meteor trail[′mēd·ē·ər ‚trāl]
the train remaining in the atmosphere after the passage of a meteor. There are two types of meteor trails: dust trails and gas, or ionized, trails. Dust trails are formed only by bright bolides at heights of 25–80 km as a result of the condensation of vapors of meteoric material in the head and train of the bolide and the solidification of droplets of molten material blown off the meteor’s surface. At twilight, the luminosity of dust trails is the result of the scattering of sunlight by minute particles, measuring less than 10 ~4 cm in diameter. Dust trails are visible for periods of up to several hours. The luminosity of ionized trails results from recombination processes; the spectra of these trails show lines of Mg, Na, Ca, Fe, and other elements. Ionized trails are formed by all meteors, but only those of bright meteors can be observed by the naked eye. They are visible for periods ranging from fractions of a second to several minutes. Because radio waves are reflected by ionized trails, such trails can be observed by radar.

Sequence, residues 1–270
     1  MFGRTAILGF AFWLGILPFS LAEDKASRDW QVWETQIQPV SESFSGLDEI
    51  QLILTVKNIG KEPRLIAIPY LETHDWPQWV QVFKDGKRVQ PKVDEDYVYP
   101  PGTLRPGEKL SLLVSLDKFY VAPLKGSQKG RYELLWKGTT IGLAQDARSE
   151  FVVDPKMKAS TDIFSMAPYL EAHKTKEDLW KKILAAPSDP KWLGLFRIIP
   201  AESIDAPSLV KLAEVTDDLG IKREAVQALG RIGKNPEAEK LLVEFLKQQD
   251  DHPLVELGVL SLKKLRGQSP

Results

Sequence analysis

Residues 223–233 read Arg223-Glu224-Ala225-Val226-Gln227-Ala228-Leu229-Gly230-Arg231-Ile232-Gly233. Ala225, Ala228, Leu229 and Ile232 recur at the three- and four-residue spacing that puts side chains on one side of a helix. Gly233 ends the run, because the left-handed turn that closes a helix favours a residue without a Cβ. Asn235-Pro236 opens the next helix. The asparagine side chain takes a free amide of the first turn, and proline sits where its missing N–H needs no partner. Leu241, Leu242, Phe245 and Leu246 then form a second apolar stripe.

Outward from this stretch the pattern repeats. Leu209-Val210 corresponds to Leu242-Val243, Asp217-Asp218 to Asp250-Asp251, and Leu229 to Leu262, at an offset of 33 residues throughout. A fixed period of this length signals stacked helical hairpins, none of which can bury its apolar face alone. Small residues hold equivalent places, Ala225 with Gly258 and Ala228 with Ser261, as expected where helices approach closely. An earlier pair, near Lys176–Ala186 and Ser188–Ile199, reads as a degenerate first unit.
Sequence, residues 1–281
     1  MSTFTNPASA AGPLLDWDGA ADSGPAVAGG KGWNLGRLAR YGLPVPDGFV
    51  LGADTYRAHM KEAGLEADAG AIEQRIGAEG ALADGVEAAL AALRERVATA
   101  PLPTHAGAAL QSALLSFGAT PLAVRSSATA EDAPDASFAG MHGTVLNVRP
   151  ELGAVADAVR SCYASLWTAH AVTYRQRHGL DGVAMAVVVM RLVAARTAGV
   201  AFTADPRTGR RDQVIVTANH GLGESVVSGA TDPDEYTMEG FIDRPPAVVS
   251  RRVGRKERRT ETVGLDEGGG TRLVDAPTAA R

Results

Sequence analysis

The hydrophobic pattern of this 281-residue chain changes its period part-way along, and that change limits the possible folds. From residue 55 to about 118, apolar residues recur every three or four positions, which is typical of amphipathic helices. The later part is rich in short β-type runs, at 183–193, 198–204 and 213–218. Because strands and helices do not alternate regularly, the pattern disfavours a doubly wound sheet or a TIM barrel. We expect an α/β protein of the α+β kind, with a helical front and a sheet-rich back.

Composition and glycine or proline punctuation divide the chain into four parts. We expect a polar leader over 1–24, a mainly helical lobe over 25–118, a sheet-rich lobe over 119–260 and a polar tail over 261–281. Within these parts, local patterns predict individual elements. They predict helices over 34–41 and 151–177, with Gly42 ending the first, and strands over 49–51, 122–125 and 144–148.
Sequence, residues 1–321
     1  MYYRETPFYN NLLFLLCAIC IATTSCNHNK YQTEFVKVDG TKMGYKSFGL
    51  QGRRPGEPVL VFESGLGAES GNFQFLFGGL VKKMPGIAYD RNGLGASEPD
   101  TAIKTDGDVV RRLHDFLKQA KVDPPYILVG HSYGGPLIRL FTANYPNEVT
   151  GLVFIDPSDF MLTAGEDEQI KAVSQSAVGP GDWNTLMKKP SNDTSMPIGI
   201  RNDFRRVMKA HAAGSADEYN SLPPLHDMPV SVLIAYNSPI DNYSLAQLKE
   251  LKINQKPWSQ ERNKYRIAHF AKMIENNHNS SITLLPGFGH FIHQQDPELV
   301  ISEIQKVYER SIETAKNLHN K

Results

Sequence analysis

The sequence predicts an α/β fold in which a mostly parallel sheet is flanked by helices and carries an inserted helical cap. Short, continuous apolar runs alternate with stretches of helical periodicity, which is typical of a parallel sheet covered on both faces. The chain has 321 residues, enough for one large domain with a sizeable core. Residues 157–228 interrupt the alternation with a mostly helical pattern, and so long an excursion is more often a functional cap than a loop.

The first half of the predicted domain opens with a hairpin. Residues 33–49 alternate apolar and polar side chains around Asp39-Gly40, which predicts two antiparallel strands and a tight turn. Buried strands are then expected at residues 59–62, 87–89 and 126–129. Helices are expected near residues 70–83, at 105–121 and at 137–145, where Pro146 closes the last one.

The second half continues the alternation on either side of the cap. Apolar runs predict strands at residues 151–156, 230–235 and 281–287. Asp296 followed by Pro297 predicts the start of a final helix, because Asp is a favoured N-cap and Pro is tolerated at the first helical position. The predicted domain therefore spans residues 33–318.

Initially, the meteor trail is straight and thin; however, wind and diffusion soon cause it to curve and broaden. Optical and radar observations of meteor trails are one of the principal methods of studying the circulation and turbulence of the earth’s atmosphere at heights of 80–110 km.
V. N. LEBEDINETS